Poland's conservative president, Andrzej Duda, has been sworn in for a second term before parliament members.
Most opposition parliamentarians and some former leaders did not attend the ceremony Thursday, both because of COVID-19 restrictions and to show their disapproval of what they call Duda's disregard for the constitution during his first term, and his almost total acceptance of the ruling right-wing party's policies that have put Poland at odds with European Union leaders.
In a speech to lawmakers after taking the oath of office, Duda said Poland should strengthen Euro-Atlantic ties and cooperate with NATO allies, in particular the United States.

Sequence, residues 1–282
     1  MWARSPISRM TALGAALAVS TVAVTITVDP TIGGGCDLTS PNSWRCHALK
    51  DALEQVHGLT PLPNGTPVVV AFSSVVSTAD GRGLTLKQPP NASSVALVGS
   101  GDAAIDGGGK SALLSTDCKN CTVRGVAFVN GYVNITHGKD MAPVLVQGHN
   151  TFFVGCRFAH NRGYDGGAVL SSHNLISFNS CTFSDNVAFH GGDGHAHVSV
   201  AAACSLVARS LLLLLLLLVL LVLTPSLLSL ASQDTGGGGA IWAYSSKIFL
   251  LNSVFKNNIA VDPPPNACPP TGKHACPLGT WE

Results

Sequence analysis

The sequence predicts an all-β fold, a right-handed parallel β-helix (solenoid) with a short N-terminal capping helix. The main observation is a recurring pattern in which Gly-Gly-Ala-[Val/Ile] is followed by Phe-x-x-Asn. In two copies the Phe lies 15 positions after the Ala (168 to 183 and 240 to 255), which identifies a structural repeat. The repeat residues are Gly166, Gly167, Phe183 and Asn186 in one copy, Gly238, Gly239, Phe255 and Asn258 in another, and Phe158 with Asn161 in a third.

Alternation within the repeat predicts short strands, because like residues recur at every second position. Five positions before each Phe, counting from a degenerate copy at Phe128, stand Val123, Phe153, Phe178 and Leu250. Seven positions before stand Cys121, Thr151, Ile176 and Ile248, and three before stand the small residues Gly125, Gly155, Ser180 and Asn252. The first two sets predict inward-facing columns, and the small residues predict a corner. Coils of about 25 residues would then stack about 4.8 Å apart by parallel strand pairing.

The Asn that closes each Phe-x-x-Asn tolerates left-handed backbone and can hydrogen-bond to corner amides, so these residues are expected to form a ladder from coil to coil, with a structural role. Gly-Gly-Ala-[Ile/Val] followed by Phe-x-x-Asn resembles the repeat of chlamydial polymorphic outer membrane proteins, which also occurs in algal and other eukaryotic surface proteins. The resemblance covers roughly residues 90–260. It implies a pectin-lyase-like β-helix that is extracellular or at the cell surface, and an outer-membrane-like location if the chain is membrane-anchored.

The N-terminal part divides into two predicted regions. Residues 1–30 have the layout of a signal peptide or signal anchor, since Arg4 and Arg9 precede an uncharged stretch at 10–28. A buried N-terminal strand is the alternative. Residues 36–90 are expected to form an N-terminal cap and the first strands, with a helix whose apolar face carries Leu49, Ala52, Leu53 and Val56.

Last week, Poland's Defense Ministry announced the U.S. would establish a permanent military presence in Poland by deploying around 1,000 troops.
Many seats for opposition lawmakers were empty, except for several members who wore outfits and masks in rainbow colors and held up copies of the Polish constitution at the end of Duda's speech.
Duda won 51.03% of votes in the July 12 election runoff while his challenger, liberal Warsaw Mayor Rafal Trzaskowski, received 48.97% votes.